Sept. 28, 2020

Family-run businesses vulnerable to ‘bribery paradox’

Study’s findings can be applied to political donations within Canada
Family-run businesses vulnerable to ‘bribery paradox’
Family-run businesses vulnerable to ‘bribery paradox’

Family-run companies that frequently bribe government officials to get around perceived barriers only end up creating more obstacles for themselves, says a University of Calgary researcher.

“I am not saying this because I’m a moralist, although good morals and values are important,” says Dr. Alain Verbeke, PhD, who holds the McCaig Chair in Management at the Haskayne School of Business.

Dr. Alain Verbeke

Alain Verbeke’s research found that family-run companies that frequently engaged in bribes failed to perform as well as those that avoided bribes.

David Moll for Haskayne School of Business

“This is about self-preservation within the capitalist system. You had better follow some basic norms, and if you don’t, it may be beneficial to you in the short run, but reality will ultimately catch up to you.”

Findings can be applied to political donations

Verbeke is the co-author of a study on what he calls the bribery paradox. “Firms that bribe more frequently — in other words, it becomes a habit of bribing — aren’t making life easier for themselves,” he says. “They are actually creating an environment that ultimately becomes more and more difficult for them.”

The study’s findings, which were recently published in the Journal of Management Studies, run counter to previous assumptions that bribes give companies a competitive, if unfair, advantage. The paper instead argues they create a “new normal” of institutional obstacles for businesses, especially for family-run firms, says Verbeke.

Although the study is based on data from Eastern European countries following the breakup of the Soviet Union, its findings can be applied to such Canadian practices as politicians who accept legal donations from businesses to fund increasingly expensive election campaigns, he says.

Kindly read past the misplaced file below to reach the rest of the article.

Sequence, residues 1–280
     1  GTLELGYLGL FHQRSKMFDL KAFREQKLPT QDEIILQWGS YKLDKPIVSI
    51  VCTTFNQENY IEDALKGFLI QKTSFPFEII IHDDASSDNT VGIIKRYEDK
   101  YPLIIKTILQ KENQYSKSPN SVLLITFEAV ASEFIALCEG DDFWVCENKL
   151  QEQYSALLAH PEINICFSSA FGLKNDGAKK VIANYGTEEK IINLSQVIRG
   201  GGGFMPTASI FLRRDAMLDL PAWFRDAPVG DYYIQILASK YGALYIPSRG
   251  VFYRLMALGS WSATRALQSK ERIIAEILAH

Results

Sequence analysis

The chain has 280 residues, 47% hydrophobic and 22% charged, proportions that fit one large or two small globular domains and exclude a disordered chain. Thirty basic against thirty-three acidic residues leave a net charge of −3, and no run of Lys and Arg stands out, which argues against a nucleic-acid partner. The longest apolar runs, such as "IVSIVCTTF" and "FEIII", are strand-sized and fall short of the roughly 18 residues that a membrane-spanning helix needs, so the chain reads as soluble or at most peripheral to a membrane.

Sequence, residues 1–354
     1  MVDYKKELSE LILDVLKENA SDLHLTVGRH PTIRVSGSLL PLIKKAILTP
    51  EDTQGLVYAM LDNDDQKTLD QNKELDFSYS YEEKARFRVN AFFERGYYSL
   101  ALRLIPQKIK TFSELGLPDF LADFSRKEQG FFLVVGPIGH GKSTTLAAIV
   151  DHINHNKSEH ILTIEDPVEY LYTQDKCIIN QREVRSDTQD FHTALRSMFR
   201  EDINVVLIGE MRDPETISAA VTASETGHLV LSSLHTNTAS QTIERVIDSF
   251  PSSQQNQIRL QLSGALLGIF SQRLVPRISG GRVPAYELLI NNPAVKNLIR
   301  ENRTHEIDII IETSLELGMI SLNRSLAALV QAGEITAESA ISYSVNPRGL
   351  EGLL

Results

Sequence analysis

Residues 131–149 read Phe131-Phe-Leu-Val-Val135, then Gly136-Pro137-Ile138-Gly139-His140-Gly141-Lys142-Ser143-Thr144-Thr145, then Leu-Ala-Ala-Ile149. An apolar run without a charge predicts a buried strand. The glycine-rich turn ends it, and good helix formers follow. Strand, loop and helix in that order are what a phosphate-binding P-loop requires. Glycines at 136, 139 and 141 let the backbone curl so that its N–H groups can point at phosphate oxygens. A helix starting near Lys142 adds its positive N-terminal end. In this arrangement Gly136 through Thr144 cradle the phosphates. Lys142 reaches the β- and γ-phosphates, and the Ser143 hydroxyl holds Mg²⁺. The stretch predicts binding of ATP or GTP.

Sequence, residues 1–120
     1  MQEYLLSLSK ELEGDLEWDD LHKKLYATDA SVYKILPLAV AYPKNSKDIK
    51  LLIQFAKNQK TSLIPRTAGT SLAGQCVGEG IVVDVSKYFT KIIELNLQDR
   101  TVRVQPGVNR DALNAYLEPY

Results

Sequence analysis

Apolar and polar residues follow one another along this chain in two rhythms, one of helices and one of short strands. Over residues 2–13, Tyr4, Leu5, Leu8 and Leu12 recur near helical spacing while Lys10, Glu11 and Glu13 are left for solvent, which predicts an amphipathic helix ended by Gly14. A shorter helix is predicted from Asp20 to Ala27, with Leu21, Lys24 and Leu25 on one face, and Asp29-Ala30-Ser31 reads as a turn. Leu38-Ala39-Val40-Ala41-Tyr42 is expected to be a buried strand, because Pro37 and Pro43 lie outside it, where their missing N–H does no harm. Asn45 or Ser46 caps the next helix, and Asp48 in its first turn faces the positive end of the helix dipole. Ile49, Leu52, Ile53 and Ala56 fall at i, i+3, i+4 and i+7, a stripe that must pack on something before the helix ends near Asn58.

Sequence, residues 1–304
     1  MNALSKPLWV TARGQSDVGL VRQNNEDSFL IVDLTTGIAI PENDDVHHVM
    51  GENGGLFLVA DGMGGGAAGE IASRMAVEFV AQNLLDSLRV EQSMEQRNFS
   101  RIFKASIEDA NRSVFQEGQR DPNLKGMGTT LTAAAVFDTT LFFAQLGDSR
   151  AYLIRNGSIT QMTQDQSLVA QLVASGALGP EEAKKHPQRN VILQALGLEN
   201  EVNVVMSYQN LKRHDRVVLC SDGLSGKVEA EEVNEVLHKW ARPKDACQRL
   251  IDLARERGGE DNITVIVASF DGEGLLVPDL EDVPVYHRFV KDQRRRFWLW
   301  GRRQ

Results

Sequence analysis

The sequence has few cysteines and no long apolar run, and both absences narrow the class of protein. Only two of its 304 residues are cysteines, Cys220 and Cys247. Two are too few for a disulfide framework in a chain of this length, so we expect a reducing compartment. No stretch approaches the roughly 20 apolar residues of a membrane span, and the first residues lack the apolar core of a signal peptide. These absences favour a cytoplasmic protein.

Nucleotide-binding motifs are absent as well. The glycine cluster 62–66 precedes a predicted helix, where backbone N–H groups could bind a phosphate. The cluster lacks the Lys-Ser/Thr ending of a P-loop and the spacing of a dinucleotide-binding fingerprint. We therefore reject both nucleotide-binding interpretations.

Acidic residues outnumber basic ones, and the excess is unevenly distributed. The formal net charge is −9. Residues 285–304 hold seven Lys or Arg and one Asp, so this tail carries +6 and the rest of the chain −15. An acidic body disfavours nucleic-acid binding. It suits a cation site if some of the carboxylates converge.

“The message to politicians is just be very careful when you accept money from the business community,” he says. “It may certainly help you get elected, but they’re going to want something in return, and this creates a new normal of corruption.”

The study is based on surveys conducted during the early 2000s by the World Bank. It looked at 302 companies in 22 countries ranging from Albania and Croatia to Russia, which were transitioning from Communist to Western-style market economies.

“These are firms with a maximum of 250 employees, so we are not talking here about oligarchs or multi-billion-dollar companies,” says Verbeke, who is also a professor of international business strategy at Haskayne.

Bribes create ‘cascade’ of corruption

Although things such as government institutions were still in flux, the market economies in these countries were largely working by this point, he says. The data included matched pairs of bribing and non-bribing firms, allowing researchers to examine the problem, he says.

Verbeke’s study found that frequent payment of bribes to obtain basic government services, such as business licences and permits, harms companies partly because they develop a bad reputation. It also results in a cascading effect that corrupts the entire system, he says.

“If you are my competitor and you see that I am getting a number of things by bribing that you don’t get, you’ll start bribing, too, so there is a horizontal cascade,” he says.

“You start to get vertical cascading because it is going to incite bureaucrats to start asking companies for bribes for all kinds of things, and they become more corrupt. There is a downward cascade from these government officials that ultimately infects the firms that weren’t bribing, so there is this vicious cycle of cascades that causes bribing to become a way of life.”

Practice make problems 'more severe'

Family-run companies are particularly vulnerable to this problem because their “family lens” tends to distort their behaviour, says Verbeke, pointing to things such as family-run crime syndicates. Such owners tend to see their bribes as something that’s needed to manage a hostile business environment, a perception that eventually produces the reality they dread, he says.

“Once they engage in corrupt behaviour, it infects the entire family — no one can escape from it,” he says. By contrast, the study found non-family firms tend to simply see their bribes as reducing business obstacles, he says.

The study was able to empirically show that family-run companies that frequently engaged in bribes failed to perform as well as those that avoided bribes, says Verbeke. “The problems they had tried to eradicate with bribes had actually become more severe than they were at the outset — a sad outcome,” he says.

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